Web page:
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BLOG:Technology Trends of 2015 Part 4: AngularJS Development Trends

Technology Trends of 2015 Part 4: AngularJS Development Trends

Continuing on in our Technology Trends of 2015 series, in this blog, we’ll share trends we anticipate seeing around AngularJS development in 2015. If you’ve missed any part in the series, you can view them here: Native iOS, Native Android, Javascript and Web.

2015 will bring significant new releases for the AngularJS framework: version 1.4 is planned for March, and a preview release of version 2.0 can be expected sometime later in the year.

Version 2.0 is evolving at a rapid pace to align with emerging web standards such as ECMAScript 6 (ES6) and Web Components. Significant changes to some core concepts including scopes and directives which have been discussed. The Angular team is also working on AtScript which extends ES6 and TypeScript with strong typing and annotations suitable for use in large enterprise projects. The size and scope of these changes has created trepidation in the wider community.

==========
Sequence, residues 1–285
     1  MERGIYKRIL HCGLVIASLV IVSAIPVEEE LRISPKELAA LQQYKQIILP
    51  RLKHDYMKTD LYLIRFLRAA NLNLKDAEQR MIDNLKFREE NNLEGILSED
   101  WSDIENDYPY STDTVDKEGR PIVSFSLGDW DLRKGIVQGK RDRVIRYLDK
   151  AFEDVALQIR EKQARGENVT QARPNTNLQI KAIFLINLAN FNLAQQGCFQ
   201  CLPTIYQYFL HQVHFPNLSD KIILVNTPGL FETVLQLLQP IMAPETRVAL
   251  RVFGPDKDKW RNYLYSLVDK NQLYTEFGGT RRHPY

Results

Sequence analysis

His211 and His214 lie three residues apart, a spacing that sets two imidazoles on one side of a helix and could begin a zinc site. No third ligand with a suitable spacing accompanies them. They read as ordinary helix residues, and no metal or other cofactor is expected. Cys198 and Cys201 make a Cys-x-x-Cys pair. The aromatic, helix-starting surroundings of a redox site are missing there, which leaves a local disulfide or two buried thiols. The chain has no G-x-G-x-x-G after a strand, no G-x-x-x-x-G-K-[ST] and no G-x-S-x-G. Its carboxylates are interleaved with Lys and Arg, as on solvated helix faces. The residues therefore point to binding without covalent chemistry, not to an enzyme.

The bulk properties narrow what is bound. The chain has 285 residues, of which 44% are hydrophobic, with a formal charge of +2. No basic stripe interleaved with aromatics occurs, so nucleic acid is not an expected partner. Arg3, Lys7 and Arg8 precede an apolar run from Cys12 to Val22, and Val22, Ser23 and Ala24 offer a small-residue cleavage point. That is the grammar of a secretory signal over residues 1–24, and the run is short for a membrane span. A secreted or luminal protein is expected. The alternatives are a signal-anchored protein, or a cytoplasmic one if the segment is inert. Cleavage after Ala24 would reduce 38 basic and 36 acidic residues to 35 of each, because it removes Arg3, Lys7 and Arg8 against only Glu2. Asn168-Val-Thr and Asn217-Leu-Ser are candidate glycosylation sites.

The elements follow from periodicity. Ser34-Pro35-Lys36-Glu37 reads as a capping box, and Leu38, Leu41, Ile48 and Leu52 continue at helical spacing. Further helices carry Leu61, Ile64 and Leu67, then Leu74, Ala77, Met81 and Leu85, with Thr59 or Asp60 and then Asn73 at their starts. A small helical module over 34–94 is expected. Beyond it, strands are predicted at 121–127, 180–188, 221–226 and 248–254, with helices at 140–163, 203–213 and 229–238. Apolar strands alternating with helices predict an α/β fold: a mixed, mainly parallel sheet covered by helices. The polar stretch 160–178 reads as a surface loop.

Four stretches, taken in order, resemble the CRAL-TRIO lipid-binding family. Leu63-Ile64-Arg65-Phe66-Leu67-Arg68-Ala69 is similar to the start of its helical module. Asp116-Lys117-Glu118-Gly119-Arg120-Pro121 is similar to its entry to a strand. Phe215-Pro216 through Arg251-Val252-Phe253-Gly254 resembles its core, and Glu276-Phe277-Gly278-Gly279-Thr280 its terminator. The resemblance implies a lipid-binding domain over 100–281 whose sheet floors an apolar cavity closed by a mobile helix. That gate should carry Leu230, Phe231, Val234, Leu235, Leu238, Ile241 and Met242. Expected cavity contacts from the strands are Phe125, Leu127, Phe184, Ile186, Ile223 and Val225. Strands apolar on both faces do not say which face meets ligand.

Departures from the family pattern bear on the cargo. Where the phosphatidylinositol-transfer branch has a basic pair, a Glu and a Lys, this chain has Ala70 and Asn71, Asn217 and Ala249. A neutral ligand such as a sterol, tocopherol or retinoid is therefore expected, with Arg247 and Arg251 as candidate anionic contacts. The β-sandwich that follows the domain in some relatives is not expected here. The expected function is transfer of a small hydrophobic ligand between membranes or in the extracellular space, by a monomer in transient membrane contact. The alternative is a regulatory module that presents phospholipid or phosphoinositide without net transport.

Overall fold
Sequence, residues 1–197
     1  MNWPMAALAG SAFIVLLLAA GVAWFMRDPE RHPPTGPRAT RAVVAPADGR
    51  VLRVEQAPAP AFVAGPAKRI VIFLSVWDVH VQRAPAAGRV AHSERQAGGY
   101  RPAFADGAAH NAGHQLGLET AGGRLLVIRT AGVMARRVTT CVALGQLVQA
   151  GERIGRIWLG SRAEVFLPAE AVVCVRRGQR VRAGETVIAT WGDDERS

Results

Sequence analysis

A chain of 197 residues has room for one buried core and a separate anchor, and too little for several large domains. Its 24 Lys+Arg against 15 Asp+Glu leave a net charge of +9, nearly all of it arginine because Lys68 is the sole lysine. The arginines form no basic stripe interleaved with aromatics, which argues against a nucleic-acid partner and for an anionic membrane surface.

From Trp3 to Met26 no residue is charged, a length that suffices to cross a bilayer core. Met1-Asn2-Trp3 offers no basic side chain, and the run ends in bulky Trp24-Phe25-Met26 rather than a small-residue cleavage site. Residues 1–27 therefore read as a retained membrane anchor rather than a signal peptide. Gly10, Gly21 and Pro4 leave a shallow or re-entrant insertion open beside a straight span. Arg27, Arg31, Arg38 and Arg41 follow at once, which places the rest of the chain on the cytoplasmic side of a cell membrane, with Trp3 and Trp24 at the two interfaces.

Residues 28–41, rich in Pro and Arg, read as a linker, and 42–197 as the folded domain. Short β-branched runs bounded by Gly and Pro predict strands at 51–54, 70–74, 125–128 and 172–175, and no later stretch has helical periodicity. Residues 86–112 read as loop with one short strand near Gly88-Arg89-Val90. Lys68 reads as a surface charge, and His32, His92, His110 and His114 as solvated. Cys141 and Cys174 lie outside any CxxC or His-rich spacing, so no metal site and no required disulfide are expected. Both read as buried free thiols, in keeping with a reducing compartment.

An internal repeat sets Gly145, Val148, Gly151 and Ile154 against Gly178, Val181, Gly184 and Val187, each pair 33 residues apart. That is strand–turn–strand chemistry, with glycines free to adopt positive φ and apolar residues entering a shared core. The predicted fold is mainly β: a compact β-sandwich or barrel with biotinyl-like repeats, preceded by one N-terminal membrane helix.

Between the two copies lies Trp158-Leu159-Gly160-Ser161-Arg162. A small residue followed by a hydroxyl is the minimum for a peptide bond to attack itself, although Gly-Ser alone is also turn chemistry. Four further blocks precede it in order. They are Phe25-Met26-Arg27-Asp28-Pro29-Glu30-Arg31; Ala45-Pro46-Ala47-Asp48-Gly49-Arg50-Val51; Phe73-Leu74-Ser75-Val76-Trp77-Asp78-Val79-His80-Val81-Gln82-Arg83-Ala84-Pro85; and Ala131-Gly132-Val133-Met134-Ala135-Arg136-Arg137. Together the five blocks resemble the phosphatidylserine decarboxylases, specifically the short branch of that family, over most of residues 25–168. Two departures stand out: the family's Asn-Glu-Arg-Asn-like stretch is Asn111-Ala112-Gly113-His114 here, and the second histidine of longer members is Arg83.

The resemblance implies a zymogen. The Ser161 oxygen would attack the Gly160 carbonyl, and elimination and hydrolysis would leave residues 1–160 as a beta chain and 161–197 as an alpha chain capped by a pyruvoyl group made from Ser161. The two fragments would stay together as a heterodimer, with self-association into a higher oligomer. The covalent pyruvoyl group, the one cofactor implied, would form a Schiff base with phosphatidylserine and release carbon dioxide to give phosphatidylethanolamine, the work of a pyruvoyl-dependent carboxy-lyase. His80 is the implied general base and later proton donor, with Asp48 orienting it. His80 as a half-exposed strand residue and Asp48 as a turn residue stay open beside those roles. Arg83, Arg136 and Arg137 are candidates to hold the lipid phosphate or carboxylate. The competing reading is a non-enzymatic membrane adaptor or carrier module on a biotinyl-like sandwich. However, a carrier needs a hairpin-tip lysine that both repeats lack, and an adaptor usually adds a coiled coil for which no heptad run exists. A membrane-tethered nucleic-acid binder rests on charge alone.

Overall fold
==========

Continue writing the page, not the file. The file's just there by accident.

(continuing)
Version 1.4 should address some of these concerns. A number of new features are planned including a new routing system, first class internationalization support and improvements to forms and $http. Developers can continue to leverage their investment in 1.x apps by moving to 1.4 and the Angular team has committed to supporting the 1.x code base for 18-24 months after the release of 2.0.

Google claims to have built over 1600 web apps using Angular and they clearly have a huge investment in the framework. Providing long term support for version 1.x won’t just serve the community but also Google’s own direct interests. Google will also have to deal with the problem of upgrading its Angular apps to version 2.0; hopefully this will help drive the definition of a reasonable migration path, although given the scope of the changes in 2.0 this will be challenging.

As we move in 2015, it will be important to get up to speed on ECMAScript 6, Web Components and the Polymer framework: all three will be critical drivers for the evolution of Angular 2.0 and likely the wider web community as well. The adoption of JavaScript-derivative languages such as TypeScript or Dart has been somewhat limited to date. However given the explosive growth of AngularJS in recent years it’s possible that it could drive adoption of AtScript in a more significant way. Keep an eye on it.